DMA Letter to House of Representative Encouraging Passage of FAARA

May 4, 2016

The Honorable John Thune
Chairman
Senate Committee on Commerce, Science
and Transportation
512 Dirksen Senate Office Building
Washington, DC 20510

The Honorable Bill Shuster
Chairman
House Committee on Transportation and
Infrastructure
2251 Rayburn House Office Building
Washington, DC 20515

The Honorable Bill Nelson
Ranking Member
Senate Committee on Commerce, Science
and Transportation
254 Russell Senate Office Building
Washington, DC 20510

The Honorable Peter Defazio
Ranking Member
House Committee on Transportation and
Infrastructure
2251 Rayburn House Office Building
Washington, DC 20515

Dear Chairmen Thune and Shuster and Ranking Members Nelson and Defazio:

As members of the newly formed Drone Manufacturers Alliance, we applaud your efforts to pass legislation to reauthorize the Federal Aviation Administration. We support provisions in both the House and Senate bills related to unmanned aircraft systems, but believe final legislation must be crafted carefully to ensure that the U.S. can fully realize the economic and social benefits of a safe and vibrant UAS (unmanned aircraft system) industry. We would urge you to consider the following issues as you move toward final passage.

The Drone Manufacturers Alliance comprises the world’s leading drone manufacturers, 3DR, DJI, GoPro and Parrot. We aim to serve as the voice for drone manufacturers and our customers across civilian, governmental, recreational, commercial, nonprofit and public safety applications. Our top policies priorities are to promote innovation and safety, and to create a practical and responsible regulatory framework.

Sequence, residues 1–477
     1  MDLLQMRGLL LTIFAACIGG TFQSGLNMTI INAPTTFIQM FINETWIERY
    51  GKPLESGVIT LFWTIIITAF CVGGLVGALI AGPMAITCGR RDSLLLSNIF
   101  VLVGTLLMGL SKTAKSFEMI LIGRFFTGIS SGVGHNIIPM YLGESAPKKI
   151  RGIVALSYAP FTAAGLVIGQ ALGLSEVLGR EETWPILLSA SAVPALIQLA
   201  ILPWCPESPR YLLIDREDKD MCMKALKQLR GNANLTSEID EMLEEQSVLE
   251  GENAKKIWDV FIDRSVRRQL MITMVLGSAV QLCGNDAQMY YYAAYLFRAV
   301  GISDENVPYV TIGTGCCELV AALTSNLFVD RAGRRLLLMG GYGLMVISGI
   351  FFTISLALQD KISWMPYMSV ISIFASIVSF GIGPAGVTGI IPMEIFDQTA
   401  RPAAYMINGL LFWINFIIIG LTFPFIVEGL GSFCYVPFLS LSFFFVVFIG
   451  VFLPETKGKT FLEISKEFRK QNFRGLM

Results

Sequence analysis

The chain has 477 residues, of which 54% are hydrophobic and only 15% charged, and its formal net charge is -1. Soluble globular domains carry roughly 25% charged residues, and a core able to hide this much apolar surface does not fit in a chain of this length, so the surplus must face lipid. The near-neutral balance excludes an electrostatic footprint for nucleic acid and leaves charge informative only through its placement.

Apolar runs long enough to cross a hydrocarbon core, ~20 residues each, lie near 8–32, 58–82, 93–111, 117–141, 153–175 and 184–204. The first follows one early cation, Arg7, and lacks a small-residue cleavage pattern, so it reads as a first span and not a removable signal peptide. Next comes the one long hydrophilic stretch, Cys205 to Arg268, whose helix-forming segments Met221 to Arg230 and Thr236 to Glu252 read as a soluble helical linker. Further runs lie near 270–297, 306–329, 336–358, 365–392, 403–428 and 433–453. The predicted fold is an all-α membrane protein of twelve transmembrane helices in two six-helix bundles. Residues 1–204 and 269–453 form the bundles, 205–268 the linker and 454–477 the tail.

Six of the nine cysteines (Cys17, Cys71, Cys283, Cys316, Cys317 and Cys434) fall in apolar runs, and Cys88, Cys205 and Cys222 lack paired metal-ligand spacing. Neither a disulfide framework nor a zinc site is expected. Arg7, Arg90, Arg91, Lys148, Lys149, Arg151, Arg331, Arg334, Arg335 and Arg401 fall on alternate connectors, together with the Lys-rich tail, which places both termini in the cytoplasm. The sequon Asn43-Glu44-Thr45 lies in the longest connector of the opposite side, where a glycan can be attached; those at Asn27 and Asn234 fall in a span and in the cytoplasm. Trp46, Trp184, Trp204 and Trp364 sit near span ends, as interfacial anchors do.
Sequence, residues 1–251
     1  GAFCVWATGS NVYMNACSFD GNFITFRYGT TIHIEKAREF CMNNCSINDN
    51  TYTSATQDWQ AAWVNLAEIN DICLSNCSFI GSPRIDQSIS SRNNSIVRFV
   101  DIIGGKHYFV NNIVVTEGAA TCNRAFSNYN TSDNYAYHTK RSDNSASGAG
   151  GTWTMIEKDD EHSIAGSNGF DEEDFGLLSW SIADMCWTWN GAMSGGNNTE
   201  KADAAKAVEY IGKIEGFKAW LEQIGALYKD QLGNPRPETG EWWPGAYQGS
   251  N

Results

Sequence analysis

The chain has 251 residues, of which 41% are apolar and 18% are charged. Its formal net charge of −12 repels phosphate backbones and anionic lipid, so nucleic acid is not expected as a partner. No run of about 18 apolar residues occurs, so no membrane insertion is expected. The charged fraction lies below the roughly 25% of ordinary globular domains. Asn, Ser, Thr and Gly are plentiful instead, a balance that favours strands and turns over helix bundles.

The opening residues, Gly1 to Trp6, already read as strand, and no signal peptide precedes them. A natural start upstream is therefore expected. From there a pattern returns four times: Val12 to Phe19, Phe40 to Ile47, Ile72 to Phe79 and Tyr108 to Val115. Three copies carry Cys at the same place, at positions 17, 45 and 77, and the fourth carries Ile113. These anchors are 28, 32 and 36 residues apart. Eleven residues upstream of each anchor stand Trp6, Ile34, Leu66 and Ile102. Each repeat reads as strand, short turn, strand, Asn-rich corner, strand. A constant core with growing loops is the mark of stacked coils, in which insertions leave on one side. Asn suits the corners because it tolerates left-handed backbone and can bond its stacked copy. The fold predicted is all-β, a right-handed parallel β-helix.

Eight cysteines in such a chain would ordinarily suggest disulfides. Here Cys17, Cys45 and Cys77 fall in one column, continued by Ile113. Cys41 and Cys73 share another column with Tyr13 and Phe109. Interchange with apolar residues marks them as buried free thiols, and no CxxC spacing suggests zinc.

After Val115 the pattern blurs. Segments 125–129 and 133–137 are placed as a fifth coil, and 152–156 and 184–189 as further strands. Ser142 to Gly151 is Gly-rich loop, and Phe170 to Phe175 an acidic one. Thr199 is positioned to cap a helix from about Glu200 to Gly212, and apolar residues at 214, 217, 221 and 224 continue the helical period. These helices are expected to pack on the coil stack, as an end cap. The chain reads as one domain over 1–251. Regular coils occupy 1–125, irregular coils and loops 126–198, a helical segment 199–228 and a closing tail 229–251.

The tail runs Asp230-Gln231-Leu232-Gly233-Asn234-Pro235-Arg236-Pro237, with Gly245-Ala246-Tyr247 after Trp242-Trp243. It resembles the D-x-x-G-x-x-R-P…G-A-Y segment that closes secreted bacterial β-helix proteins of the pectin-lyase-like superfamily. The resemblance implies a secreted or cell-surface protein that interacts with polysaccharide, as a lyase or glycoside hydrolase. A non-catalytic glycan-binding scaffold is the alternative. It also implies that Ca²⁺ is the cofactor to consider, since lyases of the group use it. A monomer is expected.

Micro UAS: A Framework that Fits

The FAA Modernization and Reform Act of 2012 set forth a framework for risk-based regulation of a micro UAS classification specifically for public safety agencies, weighing 4.4 pounds or less and operated within line of sight, less than 400 feet above the ground, and more than 5 miles from airports. We strongly support the House provision, included by Congressman Rodney Davis during markup, that expands the classification to all operations, including commercial, educational, humanitarian and civic uses. The provision creates clear operational procedures for micro UAS under 4.4 pounds, as well as exemption of such operations from airmen and airworthiness certifications.

While we also support the Senate-passed provision added by Senator Booker during markup that directs the FAA to promulgate a “micro” rule, we believe the clear exemption established in the House bill for a micro classification better prioritizes safety while promoting open innovation. By creating clear rules and eliminating the distinction between recreational and commercial use for the smallest and safest classification of UAS, it cuts red tape for entrepreneurs and encourages a safety culture based on rules that all users can easily understand. It also relieves the FAA from the burden of licensing and other managerial and logistical considerations for low risk operations, allowing the agency to focus its resources on more challenging UAS integration efforts.

Safety Standards: Create Consensus Not a Bottleneck

We are extremely concerned about the framework established in Section 2124 of the Senate bill for certification of small UAS. We believe the section would create a significant barrier to innovation, thereby ultimately slowing advancements in aviation safety and locking in old technology. We would urge the House and Senate to strike the provision or significantly modify it before passing the legislation into law. Specifically, we have three primary concerns: